UPDATED 02/10/21 2:00 p.m. ET: The NBA has announced that all of its teams will play the national anthem before games, “in keeping with longstanding league policy.” The statement appears to be a direct response to Dallas Mavericks owner Mark Cuban telling his team to stop playing the song before games.
Mark Cuban told New York Times reporter Marc Stein that “we are good with it,” in response to the new league directive. The Mavericks are expected to play the anthem prior to their game against the Atlanta Hawks Wednesday.
Cuban later explained in a full statement:
“We respect and always have respected the passion people have for the anthem and our country. But we also loudly hear the voices of those who feel that the anthem does not represent them. We feel that their voices need to be respected and heard, because they have not been,” the statement read.
Original story below.
The national anthem has become a hot topic in professional sports over the last several years. Ever since Colin Kaepernick began the #TakeaKnee movement back in 2016, the public has debated whether athletes should be forced to stand during the pre-game tradition or allowed to exercise their right to protest.
According to The Athletic’s Tim Cato, the franchise has stopped playing “The Star-Spangled Banner” completely. The outlet points out that the Mavericks have not featured the song before any of their home games this season. Some people noticed this during the Mavericks’ win over the Minnesota Timberwolves on Monday, which marked the first time a limited number of fans were allowed into American Airlines Center.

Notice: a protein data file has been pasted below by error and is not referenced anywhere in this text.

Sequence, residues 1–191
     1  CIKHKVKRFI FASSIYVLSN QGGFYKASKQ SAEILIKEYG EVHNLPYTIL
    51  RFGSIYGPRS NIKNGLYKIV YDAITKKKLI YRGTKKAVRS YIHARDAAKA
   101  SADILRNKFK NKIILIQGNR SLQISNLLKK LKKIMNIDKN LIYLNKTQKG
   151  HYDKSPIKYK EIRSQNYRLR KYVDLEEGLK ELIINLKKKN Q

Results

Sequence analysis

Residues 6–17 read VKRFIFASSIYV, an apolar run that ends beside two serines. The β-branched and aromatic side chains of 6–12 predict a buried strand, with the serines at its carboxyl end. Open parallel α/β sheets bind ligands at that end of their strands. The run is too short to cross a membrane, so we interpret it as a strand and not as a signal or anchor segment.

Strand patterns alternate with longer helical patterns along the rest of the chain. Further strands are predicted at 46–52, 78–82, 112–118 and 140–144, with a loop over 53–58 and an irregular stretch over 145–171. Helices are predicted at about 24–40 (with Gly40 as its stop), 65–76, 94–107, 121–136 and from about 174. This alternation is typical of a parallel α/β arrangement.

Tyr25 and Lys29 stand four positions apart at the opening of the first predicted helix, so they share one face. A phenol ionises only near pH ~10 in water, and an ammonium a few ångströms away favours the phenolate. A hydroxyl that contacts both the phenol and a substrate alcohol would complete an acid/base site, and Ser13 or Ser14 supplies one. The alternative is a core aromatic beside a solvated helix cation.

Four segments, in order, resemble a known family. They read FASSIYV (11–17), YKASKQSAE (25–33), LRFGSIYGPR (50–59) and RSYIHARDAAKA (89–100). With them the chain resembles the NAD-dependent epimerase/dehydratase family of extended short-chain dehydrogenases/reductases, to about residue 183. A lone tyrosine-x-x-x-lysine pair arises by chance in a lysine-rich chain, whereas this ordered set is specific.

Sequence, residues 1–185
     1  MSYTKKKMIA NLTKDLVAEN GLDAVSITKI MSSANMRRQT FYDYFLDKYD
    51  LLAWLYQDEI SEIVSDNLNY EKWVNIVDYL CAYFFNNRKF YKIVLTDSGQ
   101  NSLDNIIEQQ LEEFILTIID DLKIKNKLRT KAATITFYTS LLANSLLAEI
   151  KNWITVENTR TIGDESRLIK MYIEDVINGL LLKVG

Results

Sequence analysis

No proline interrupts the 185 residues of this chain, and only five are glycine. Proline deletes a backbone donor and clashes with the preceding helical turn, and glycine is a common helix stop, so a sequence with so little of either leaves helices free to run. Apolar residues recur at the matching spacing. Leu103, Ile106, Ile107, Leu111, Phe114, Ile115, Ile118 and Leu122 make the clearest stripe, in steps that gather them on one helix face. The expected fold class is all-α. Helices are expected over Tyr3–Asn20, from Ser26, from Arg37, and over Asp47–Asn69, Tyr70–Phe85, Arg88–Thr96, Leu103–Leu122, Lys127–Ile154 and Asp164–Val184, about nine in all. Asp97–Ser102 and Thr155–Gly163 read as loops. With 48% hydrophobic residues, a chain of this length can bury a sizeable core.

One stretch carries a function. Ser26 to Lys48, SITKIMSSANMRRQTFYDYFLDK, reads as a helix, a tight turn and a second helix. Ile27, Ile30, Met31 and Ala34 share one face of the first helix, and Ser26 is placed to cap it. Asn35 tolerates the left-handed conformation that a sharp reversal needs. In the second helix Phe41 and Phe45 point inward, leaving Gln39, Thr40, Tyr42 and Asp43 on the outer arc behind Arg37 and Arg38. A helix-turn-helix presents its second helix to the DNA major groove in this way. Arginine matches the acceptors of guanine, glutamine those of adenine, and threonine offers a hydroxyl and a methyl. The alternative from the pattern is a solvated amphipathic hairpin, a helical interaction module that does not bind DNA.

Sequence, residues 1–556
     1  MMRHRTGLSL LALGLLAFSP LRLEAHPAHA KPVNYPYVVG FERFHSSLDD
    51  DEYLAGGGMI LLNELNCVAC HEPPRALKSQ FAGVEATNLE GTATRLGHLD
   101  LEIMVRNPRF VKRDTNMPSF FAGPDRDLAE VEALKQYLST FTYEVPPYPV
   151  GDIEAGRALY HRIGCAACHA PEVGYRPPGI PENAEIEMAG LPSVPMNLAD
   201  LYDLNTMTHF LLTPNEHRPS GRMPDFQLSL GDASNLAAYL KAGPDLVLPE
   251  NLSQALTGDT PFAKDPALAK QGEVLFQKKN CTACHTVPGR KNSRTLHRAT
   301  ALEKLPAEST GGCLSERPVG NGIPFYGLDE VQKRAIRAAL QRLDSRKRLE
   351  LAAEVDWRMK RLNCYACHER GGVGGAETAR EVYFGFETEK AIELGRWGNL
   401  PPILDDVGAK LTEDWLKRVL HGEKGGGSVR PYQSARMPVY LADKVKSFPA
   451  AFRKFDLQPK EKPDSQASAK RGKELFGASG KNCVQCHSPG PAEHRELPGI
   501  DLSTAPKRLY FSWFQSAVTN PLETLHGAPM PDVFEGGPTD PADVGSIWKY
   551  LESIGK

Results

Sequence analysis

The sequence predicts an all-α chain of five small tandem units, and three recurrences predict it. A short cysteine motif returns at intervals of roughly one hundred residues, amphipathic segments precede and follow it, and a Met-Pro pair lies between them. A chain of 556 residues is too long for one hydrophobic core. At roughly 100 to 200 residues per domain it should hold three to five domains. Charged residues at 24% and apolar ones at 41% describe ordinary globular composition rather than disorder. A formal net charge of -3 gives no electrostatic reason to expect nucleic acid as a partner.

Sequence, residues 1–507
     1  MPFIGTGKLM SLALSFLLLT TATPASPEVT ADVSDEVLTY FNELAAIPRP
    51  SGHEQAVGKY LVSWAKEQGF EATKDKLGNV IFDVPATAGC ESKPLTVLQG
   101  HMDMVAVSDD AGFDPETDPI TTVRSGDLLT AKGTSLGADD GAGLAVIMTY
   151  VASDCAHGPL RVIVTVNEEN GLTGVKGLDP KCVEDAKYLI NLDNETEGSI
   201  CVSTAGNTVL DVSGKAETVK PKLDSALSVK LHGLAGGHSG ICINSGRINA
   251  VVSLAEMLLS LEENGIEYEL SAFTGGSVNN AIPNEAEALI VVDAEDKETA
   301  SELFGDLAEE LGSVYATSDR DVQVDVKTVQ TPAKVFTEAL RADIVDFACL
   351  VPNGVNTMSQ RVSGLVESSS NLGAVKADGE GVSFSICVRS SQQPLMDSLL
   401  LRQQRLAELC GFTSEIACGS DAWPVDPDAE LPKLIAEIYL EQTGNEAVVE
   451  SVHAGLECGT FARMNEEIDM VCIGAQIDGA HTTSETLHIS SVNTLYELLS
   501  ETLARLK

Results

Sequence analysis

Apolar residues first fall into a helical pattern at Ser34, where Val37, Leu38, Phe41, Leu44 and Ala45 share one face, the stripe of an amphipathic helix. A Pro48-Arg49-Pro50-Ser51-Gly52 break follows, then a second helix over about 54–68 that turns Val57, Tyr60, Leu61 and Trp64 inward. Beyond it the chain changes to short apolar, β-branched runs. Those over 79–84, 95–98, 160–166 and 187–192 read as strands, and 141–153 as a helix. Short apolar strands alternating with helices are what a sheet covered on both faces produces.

Cuban confirmed the national anthem decision to The Athletic on Monday night. The outlet reports some Mavericks staffers were unaware of the move, as it was reportedly “not announced or explained internally.”
The NBA rule book states that all “players, coaches and trainers must stand and line up in a dignified posture along the foul lines during the playing of the American and/or Canadian national anthems”; however, a league spokesperson told The Athletic that “under the unique circumstances of this season, teams are permitted to run their pregame operations as they see fit.”
On Tuesday, The Athletic’s Shams Charania shared more information, citing a source who said the decision “isn’t because they don’t love” the U.S., but rather the team does not feel the national anthem represents them.
Cuban and Texas Sen. Ted Cruz traded jabs over the national anthem back in October. It all began after a Texas radio host claimed he would no longer support the Mavericks once a player kneeled during the anthem. Cuban responded in a since-deleted tweet that read: “The National Anthem Police in this country are out of control. If you want to complain, complain to your boss and ask why they don’t play the National Anthem every day before you start work.”
Cruz wasn’t pleased with Cuban’s dismissive response and ignited a heated exchange that referenced everything from Hong Kong to COVID-19 to the Black Lives Matter movement.